Magazine article The Alcoholism Report

Alcohol Tax Drive Launched in California

Magazine article The Alcoholism Report

Alcohol Tax Drive Launched in California

Article excerpt

Alcohol Tax Drive Launced in California

A "nickel-a-drink" alcohol tax initiative is under way in California with the backing of a coalition of advocacy groups who anticipate that it would raise about $800 million through an increase in the excise paid by producers and wholesalers of alcoholic beverages. The Alcohol Tax Initiative Committee submitted the initiative to the California Attorney General, and hopes to collect nearly a million signatures to qualify the initiative for the November, 1990, ballot.

Assuming hard liquor, beer and wine producers and wholesalers will pass on the full amount of the tax increase to consumers, the hike would amount to about 5 cents on each 12 ounces of beer, five ounces of wine and one ounce of hard liquor.

The proposed Alcohol Tax Act of 1990 would require that all new funds be spent for: prevention and treatment of alcohol and drug problems; emergency and trauma care services; child abuse programs; services for battered women; health needs of children and women due to alcohol or drug use during pregnancy; centers for independent living; law enforcement; anti-litter, vandalism and youth-at-risk programs.

The Inititive Committee says that California's alcohol taxes are among the lowest in the nation. The tax on wine has been a penny a gallon since 1937, beer has been four cents a gallon since 1959, and hard liquor, two dollars a gallon since 1967. Alcohol Tax Initiative Committee Chairman Andrew McGuire estimated that alcohol will cost Californians $13.6 billion in 1990 in health, social and economic terms. McGuire is executive director of the Trauma Foundation at San Francisco General Hospital. He said: "Although these numbers represent enormous expenses, let us not forget that they also represent thousands of deaths, disabilities and blighted lives. Drunken driving alone figures in about 50% of all our traffic fatalities.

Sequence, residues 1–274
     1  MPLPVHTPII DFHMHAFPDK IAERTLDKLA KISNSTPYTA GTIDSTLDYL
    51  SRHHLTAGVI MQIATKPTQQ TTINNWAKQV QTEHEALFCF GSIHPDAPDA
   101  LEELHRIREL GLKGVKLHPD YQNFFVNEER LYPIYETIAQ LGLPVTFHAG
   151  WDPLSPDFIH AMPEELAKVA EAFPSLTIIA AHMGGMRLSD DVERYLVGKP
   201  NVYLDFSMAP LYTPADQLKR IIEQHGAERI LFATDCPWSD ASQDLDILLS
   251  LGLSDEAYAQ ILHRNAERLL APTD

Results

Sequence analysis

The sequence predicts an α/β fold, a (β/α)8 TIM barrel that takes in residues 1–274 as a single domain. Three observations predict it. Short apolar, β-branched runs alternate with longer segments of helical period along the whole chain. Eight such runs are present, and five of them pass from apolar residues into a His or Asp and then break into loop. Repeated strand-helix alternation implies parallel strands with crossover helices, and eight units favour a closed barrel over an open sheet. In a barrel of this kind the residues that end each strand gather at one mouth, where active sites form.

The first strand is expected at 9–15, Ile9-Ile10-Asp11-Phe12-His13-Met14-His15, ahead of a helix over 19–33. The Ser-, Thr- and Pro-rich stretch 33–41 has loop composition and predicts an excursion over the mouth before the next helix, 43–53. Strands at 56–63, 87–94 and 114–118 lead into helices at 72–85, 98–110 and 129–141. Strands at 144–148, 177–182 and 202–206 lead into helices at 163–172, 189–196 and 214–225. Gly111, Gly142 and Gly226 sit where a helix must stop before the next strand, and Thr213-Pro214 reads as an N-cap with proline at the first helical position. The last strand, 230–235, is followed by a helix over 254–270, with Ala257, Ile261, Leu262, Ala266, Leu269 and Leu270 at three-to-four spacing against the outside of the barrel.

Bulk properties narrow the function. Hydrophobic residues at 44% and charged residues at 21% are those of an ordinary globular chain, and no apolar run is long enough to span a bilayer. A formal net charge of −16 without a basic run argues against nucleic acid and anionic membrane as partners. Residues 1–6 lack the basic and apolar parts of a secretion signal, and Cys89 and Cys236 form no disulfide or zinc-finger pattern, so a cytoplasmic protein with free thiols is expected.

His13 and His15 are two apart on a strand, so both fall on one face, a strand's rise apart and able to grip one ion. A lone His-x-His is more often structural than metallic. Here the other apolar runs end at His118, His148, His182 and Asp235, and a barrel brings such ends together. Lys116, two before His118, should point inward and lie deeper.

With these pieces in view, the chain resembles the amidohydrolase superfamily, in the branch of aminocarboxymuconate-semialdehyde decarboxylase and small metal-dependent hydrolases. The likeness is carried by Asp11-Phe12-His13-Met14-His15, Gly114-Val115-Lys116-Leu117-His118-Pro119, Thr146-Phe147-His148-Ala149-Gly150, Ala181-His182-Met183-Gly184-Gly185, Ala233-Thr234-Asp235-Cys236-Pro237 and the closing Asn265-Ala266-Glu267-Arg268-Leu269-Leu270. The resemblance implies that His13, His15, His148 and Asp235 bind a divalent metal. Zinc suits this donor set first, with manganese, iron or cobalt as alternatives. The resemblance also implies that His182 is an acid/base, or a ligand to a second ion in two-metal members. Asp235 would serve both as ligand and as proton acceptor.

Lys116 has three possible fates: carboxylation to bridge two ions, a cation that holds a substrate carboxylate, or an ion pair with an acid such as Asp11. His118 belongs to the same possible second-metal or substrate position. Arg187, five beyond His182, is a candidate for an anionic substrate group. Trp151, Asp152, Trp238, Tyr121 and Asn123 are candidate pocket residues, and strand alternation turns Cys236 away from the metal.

"But the reason for this initiative is not only to raise more money to deal with problems created by alcohol and the other drugs that are often used with it. We also want more fairness in the tax system." McGuire explained that alcohol-related costs are shared more or less equally by all taxpayers in the state. Yet, most of the alcohol is consumed by a relative few, he said, referring to a National Academy of Sciences study that estimated 11% of the adult population drinks about two-thirds of all the alcohol consumed annually. "Under the current system, people who don't drink, or who drink only moderately, are paying an unfair share of alcohol's costs," McGuire said. "The way to correct that is to make the heavy drinkers pay more, and that's what this initiative will do. …

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